Australian journalists leave Malaysia after avoiding charges
Two Australian journalists who had been detained in Malaysia have left the country.
Reporter Linton Besser and cameraman Louie Eroglu, from the Australian Broadcasting Corporation, said they were not deported but escorted through the airport by police.
The pair approached Prime Minister Najib Razak on Saturday asking about corruption claims, which he denies.
Their detention had raised concerns over press freedom.
It was thought they would be charged with obstructing a public official but the charges were dropped, the ABC said. Mr Besser and Mr Eroglu arrived in Singapore on Tuesday.
Malaysia's Deputy Prime Minister Ahmad Zahid Hamidi said Malaysia was not obstructing the media, but that foreign media workers "must perform their duties according to the journalism ethics".
For months, the Malaysian government has discouraged scrutiny over the corruption allegations, including blocking news outlets that have reported extensively on them.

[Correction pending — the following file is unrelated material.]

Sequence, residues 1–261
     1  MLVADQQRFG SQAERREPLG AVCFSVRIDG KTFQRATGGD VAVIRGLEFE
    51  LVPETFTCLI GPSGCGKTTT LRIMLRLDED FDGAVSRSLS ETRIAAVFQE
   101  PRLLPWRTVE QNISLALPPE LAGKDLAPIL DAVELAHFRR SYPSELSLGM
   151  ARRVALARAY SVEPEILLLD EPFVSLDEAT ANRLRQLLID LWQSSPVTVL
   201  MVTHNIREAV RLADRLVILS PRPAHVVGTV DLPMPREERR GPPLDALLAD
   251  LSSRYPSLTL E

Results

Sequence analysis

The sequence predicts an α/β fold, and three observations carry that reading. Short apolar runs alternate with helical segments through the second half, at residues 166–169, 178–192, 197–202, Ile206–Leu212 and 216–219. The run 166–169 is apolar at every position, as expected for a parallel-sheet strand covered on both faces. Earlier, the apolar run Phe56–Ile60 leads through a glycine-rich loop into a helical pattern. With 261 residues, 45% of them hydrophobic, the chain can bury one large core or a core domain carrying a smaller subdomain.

'Failing to comply'
Mr Besser and Mr Eroglu had approached Mr Najib while he was visiting a mosque in Kuching, the capital of Sarawak state.
They attempted to ask Mr Najib about a $681m (£478m) payment from the 1MDB state investment fund to his personal account.
Mr Najib has been cleared of personal wrongdoing by Malaysian prosecutors but a number of international investigations are ongoing.
A statement issued by Malaysian police to news agency Bernama said the two men crossed a "security line and aggressively tried to approach the prime minister".
"Both of them were subsequently arrested for failing to comply with police instructions not to cross the security line," the statement said.
In an email to staff, the ABC's director of news, Gaven Morris, said Mr Besser and Mr Eroglu did not believe they had crossed a police line and had not obstructed officials.
He said they had "fully co-operated with the police" and were receiving consular and legal support.